Democrats defend IRS cap on political activity by tax-exempt groups

The Internal Revenue Service Building is shown July 22, 2013 in Washington, D.C. Win McNamee, Getty Images

The proposed IRS rules that would rein in politically-engaged nonprofits are a "step in the right direction," a group of Senate Democrats said in a letter Thursday, urging the agency to adopt the rules in spite of "strident but misplaced concerns about the First Amendment."

For months, congressional Republicans have pushed the IRS to drop its proposed rules, arguing that they would only encourage the agency to harass groups that attempt to speak out politically. The draft rules were unveiled in the wake of revelations that the IRS unfairly scrutinized certain conservative and progressive groups, using certain key words.

Democrats -- including President Obama -- insist that the unfair scrutiny of certain groups amounted to "boneheaded decisions" made at the agency rather than political corruption. If anything, they said, it illustrated the need to rein in the burgeoning number of groups seeking to be designated as tax-exempt, nonprofit "social welfare" organizations -- which are allowed to spend unlimited sums of money on politics as long as politics isn't their main focus.

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  • "The goal of new rules is not to silence speech, but to require that the speakers with the loudest voices in our elections identify themselves, so that we can truly have 'effective disclosure' that will 'provide shareholders and citizens with the information needed to hold corporations and elected officials accountable for their positions and supporters,'" wrote the 15 Democrats who signed the letter to the IRS and the Treasury Department.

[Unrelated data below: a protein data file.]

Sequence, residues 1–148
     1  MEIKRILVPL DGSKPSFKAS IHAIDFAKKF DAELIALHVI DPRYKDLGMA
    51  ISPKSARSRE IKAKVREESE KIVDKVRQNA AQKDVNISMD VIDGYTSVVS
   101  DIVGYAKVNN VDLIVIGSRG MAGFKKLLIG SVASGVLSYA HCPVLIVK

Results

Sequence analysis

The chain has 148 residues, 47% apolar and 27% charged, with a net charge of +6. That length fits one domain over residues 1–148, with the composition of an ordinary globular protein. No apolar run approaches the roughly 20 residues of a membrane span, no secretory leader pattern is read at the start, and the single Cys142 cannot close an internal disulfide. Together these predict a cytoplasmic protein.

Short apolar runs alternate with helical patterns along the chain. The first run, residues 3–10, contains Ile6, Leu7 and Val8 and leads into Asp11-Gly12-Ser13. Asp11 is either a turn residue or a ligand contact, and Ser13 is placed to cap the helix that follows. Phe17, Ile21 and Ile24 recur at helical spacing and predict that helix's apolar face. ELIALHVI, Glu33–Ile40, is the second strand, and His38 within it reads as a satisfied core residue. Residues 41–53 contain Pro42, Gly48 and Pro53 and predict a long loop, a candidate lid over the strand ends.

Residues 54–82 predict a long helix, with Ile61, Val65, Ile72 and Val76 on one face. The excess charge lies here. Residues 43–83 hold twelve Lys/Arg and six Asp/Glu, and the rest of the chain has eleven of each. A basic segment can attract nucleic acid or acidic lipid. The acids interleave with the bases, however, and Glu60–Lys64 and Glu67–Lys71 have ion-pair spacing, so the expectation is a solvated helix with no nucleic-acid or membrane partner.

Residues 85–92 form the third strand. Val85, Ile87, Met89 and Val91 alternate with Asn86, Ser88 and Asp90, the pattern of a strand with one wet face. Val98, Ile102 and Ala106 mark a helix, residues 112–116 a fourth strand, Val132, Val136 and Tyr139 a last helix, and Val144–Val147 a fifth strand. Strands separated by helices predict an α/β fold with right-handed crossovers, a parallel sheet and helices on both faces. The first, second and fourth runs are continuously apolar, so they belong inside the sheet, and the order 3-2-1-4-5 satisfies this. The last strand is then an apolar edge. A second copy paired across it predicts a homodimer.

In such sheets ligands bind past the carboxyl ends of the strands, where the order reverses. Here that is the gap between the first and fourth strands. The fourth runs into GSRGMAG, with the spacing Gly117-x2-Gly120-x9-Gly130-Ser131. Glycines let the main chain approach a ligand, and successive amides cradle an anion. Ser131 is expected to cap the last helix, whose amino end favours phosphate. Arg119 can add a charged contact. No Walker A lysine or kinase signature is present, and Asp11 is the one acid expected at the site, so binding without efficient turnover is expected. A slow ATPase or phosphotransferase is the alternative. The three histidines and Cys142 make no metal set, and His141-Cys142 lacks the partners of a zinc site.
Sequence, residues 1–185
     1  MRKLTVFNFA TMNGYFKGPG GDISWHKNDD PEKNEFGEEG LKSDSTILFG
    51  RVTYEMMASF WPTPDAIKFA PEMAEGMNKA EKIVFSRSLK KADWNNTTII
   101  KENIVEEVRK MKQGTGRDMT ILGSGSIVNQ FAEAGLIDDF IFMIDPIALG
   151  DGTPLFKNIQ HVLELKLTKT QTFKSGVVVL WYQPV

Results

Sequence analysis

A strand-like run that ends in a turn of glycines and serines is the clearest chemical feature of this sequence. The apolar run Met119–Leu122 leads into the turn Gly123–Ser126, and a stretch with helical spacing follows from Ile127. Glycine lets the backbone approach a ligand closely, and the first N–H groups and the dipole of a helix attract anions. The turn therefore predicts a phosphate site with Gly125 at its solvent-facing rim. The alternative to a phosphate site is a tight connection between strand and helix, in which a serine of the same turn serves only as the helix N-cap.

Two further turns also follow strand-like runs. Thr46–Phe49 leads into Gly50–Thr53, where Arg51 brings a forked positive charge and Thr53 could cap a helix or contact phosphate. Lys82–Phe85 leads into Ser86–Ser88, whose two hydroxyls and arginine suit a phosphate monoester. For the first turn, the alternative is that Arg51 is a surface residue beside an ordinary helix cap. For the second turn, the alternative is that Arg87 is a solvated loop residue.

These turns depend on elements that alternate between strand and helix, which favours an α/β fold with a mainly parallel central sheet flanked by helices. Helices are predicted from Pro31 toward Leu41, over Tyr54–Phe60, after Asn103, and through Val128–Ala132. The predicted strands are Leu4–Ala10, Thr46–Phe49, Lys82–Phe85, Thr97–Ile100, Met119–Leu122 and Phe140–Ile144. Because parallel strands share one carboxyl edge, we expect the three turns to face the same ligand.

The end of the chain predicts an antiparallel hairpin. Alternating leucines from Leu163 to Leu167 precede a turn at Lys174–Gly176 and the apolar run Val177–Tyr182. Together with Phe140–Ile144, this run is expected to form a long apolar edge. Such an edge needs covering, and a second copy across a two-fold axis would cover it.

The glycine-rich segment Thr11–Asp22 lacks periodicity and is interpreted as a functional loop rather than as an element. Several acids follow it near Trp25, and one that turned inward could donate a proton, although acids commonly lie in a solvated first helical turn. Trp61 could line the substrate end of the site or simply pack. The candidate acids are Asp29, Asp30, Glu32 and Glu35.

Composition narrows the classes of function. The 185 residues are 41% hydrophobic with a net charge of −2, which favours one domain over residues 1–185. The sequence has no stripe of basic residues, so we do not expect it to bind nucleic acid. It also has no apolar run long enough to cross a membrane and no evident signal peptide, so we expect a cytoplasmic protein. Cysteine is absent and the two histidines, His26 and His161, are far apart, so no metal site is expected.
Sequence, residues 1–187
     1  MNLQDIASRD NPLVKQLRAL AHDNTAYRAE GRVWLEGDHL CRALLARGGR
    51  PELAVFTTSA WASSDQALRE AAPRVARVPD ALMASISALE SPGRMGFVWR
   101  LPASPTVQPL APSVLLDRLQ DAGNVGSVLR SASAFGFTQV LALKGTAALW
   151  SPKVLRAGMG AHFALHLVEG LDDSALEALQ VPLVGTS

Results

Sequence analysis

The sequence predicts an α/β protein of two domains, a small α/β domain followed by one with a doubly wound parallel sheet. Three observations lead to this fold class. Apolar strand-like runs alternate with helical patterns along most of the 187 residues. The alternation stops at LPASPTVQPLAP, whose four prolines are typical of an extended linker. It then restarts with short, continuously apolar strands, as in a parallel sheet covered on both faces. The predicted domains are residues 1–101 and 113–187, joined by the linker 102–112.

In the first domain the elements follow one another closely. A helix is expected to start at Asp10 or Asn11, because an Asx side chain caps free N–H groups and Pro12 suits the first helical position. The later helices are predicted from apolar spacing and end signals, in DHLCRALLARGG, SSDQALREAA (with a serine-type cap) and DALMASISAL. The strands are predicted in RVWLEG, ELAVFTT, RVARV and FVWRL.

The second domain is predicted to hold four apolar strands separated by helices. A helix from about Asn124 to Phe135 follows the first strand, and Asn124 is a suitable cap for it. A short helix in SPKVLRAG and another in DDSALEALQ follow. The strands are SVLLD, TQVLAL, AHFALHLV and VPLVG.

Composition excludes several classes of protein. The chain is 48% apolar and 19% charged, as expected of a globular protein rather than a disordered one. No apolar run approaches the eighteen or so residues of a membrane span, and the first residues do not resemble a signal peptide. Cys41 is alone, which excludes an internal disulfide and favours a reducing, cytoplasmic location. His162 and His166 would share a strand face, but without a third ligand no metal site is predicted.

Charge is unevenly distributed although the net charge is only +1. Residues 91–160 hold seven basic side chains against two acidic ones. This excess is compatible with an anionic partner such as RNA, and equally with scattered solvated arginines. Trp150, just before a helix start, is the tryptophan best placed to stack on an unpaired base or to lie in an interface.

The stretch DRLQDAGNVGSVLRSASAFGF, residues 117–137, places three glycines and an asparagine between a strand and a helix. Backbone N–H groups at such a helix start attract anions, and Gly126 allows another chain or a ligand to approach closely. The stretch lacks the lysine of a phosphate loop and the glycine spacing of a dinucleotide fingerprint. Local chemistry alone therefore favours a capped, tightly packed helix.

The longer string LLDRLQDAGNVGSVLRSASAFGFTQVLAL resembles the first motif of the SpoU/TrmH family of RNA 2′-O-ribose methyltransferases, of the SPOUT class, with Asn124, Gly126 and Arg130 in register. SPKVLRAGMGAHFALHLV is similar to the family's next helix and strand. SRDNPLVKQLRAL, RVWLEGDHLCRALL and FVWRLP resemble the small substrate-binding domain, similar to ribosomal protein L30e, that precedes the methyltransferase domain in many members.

The Democrats, led by Sen. Sheldon Whitehouse, D-R.I., said they don't agree with the draft rules exactly as they are written. As the draft is written, the IRS would limit the "candidate-related political activity" that "social welfare" groups can conduct, defining that activity to include certain communications that expressly advocate for a certain candidate, giving certain grants or donations, and other activities like voter registration drives.

    The senators said that nonpartisan activities with social welfare benefits -- such as voter registration drives -- should be excluded from the definition of "candidate-related political activity." They also said that the IRS should include a "bright-line" limit on the level of "candidate-related political activity" allowed. They suggested limiting those groups to dedicating five to 15 percent of their spending to political activity.

    The proposed rule change has clearly hit a nerve with the public -- after the IRS opened the draft rules up for public comment, more than 140,000 comments were submitted. Earlier in the month, when there were only about 21,000 comments, IRS Commissioner John Koskinen told Congress that the draft rules had already set a new record for the number of comments any draft federal regulations have ever received.

    In addition to Whitehouse, the letter was signed by Democratic Sens. Charles Schumer of New York, Patrick Leahy of Vermont, Tom Harkin of Iowa, Jack Reed of Rhode Island, Tom Carper of Delaware, Robert Menendez of New Jersey, Bernie Sanders of Vermont, Jon Tester of Montana, Tom Udall of New Mexico, Chris Coons of Delaware, Richard Blumenthal of Connecticut, Mazie Hirono of Hawaii, Martin Heinrich of New Mexico, and Elizabeth Warren of Massachusetts.

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